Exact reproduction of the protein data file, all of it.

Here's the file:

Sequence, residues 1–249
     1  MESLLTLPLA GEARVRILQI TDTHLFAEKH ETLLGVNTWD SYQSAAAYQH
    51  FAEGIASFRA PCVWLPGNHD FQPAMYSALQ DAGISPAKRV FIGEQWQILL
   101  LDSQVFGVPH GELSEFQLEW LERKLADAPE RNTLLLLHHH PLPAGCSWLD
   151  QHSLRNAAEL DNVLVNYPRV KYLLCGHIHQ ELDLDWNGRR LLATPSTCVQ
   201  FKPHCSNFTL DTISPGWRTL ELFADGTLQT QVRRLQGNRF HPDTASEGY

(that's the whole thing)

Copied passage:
Sequence, residues 1–249
     1  MESLLTLPLA GEARVRILQI TDTHLFAEKH ETLLGVNTWD SYQSAAAYQH
    51  FAEGIASFRA PCVWLPGNHD FQPAMYSALQ DAGISPAKRV FIGEQWQILL
   101  LDSQVFGVPH GELSEFQLEW LERKLADAPE RNTLLLLHHH PLPAGCSWLD
   151  QHSLRNAAEL DNVLVNYPRV KYLLCGHIHQ ELDLDWNGRR LLATPSTCVQ
   201  FKPHCSNFTL DTISPGWRTL ELFADGTLQT QVRRLQGNRF HPDTASEGY